But one day, Andrew found the strength to reveal their wretched secret. He confided in his teacher, Ken Duffy, who was outraged and went to the Archbishop's House in Dublin to tell Payne's superiors. Some time later, the priest was moved on to a job counselling married couples, but the gardai were never told.
When he was 18, Andrew applied for the priesthood, but his petition was rejected. "I had a vocation," he says. "Even after I was abused, I still had it, so I was thoroughly crushed when they told me I wasn't suitable. They knew Fr Payne had abused me. He was suitable for the priesthood, but I was being told I wasn't. When we were growing up, God and the Catholic Church were one and the same. So in my mind, I decided that if they would rather Ivan Payne over me, I would have nothing to do with God or his Church ever again."
For the next 13 years, Andrew's life spiralled down a path of destruction. He turned to drink, suffered from profound anxiety and started to feel suicidal. He trusted nobody. It was also a time he came to a realisation that he was gay.
In 1993, he decided to sue for compensation, receiving £27,500 (€35,000) from Payne, but was forced to sign a confidentiality clause. When the payment was disclosed by a Sunday newspaper, the Church denied it.
Deeply angered, Andrew decided to go public, a process which culminated in Payne being convicted of abusing eight boys aged between 11 and 14, and sentenced to six years in prison in 1998. He was released in 2002 and lives in Wales today.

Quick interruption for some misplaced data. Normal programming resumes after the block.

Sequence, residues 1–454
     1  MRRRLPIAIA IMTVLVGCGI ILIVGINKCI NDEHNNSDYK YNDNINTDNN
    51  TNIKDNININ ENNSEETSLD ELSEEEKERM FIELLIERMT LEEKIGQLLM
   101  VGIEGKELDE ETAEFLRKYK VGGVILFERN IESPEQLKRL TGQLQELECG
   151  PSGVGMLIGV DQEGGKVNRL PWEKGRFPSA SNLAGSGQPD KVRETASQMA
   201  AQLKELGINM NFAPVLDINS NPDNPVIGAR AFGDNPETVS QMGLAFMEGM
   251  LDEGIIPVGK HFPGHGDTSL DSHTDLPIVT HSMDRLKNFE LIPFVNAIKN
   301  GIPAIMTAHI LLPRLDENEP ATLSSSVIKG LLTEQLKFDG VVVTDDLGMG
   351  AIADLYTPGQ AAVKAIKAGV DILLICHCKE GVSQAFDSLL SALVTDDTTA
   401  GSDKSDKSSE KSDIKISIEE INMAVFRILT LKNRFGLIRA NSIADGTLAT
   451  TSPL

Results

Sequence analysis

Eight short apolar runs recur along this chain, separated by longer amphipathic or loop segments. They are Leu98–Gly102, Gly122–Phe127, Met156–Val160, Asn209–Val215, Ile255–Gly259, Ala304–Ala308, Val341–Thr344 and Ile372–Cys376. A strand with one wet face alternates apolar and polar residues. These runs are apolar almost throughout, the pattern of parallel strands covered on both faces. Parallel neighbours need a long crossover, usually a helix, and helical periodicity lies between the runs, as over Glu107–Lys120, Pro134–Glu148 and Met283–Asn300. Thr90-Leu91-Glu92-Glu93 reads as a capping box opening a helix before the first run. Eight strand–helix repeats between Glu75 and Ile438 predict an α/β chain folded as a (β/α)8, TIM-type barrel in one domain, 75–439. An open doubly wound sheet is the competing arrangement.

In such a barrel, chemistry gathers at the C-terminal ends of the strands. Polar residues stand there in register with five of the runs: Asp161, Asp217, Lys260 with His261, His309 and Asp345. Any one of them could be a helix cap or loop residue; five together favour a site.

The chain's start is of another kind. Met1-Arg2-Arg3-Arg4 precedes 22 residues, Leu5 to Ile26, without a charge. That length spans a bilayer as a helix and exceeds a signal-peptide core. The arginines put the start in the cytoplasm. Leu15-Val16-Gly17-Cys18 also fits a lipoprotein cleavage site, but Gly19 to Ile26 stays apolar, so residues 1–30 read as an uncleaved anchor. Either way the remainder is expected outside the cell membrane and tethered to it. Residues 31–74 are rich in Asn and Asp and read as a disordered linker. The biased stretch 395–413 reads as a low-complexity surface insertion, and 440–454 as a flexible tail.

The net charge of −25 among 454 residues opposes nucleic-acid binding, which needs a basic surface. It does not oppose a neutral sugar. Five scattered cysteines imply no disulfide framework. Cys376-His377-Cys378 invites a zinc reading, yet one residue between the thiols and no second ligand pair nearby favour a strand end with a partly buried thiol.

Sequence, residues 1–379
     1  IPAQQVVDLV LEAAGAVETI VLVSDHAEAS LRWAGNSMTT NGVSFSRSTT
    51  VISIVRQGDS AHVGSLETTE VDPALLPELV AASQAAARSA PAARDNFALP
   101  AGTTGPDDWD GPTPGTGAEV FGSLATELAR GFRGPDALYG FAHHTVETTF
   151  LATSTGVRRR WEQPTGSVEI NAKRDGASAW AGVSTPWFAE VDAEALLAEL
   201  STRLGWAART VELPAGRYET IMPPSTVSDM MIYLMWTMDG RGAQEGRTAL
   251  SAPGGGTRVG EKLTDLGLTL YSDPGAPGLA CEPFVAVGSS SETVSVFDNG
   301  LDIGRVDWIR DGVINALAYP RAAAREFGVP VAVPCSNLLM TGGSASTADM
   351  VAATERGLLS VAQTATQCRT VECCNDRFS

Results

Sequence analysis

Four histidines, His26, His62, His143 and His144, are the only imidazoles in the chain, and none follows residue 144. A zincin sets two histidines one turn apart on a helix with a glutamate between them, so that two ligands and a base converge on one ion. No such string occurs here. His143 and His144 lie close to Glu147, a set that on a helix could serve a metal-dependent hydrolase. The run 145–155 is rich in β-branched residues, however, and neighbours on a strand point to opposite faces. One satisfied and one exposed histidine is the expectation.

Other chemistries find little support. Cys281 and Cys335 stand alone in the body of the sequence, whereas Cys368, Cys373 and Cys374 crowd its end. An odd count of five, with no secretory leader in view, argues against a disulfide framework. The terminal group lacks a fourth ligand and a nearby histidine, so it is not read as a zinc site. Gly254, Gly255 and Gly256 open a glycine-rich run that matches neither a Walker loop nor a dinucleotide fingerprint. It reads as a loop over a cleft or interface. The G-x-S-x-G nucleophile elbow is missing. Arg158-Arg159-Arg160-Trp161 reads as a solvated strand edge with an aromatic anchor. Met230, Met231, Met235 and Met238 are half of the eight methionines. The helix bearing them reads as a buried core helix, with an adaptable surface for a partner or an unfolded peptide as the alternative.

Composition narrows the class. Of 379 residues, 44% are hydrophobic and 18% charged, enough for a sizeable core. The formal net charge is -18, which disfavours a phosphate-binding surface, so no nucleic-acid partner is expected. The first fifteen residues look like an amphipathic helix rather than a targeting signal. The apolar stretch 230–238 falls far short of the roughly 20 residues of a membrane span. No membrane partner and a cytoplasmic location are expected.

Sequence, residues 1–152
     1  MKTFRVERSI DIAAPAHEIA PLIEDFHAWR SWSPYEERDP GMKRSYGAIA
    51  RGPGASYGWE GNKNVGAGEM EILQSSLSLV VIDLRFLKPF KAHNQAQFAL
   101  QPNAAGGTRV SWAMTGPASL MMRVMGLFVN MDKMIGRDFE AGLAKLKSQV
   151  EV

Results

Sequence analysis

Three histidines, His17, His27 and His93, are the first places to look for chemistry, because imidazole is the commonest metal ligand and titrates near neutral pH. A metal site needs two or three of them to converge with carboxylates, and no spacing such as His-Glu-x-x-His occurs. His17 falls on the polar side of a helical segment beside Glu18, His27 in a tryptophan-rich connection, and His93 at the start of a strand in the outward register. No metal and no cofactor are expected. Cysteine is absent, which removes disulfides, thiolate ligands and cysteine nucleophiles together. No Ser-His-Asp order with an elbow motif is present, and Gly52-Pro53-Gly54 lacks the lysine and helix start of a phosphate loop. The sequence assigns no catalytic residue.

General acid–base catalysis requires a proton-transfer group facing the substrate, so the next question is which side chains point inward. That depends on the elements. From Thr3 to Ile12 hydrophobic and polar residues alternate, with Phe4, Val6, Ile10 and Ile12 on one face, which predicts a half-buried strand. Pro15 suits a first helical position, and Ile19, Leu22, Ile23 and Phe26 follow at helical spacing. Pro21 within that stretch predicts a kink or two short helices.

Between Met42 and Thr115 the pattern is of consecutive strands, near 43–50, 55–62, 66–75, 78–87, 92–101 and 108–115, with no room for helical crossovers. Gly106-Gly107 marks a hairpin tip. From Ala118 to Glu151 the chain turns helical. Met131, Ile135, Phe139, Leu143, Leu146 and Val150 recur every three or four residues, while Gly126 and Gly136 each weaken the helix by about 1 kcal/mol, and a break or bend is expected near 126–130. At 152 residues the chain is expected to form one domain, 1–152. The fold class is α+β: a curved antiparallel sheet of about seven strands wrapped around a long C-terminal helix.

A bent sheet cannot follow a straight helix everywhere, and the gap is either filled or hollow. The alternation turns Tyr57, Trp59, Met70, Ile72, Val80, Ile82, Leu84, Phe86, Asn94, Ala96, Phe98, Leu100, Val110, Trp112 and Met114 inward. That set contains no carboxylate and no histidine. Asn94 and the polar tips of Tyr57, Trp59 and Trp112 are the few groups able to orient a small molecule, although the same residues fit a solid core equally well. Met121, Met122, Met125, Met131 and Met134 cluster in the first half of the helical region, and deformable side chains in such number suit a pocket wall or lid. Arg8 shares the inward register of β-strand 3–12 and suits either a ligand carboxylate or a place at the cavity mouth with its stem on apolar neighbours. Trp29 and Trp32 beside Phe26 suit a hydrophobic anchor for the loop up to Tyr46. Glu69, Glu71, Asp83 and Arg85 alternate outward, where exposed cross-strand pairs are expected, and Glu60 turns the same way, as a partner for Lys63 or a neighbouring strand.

"My one consolation is that he is in a country which takes child protection very seriously, unlike this one. The Granada Institute in Dublin, where he went for treatment, said he took the honours course and passed with flying colours, but he dragged out the legal process as much as he could and did everything to have his conviction quashed -- so I don't think he's wrapped up in remorse for his actions.
"I only think about him occasionally now. A tabloid rang recently to say they were doing an exposé on the fact that he was living near a school in Wales. They were going to publish the details. But that's not very sensible as he would only have to move, and will be living near another school sooner or later so you haven't achieved a whole lot. If you did that with every paedophile they would stop signing the register and just disappear.
"I don't have a lock-them-up-and-throw-away-the-key attitude. They must be punished for their crimes, but you're dealing with a human being who is coming back into society and needs support. Isolated sex offenders are the most dangerous ones."
Today, Andrew, who is a recovering alcoholic, works as a project manager for a community computer training programme in Dublin. His focus now is the release of the next report into child abuse, that of the Dublin Diocese, which is expected in June.
"This will be the third report on child abuse after Ferns and this week's on the institutions, and I'm not expecting to find anything different in the Dublin one. There was the same widespread knowledge about what priests were doing to children and the same emphasis on protecting them and the Church at all costs.
"Some people say we need these enquiries for closure. For me, it's not about closure, but ultimately about improving child protection.
"There's a perception that children are safer today. Maybe they are not quite as vulnerable because offenders are more likely to be caught -- but the State's child protection guidelines still have no statutory basis.
"The idea that our children's safety is in the hands of the HSE is sick. They can't do anything right, and social workers have already made it clear that they don't have the resources to do a fraction of the work they are meant to be doing to protect the hundreds of children whose files they never get to.
"Only two dioceses have been investigated so far. We still don't know what happened in the other 24 or even if the facts that came out this week are firmly in the past."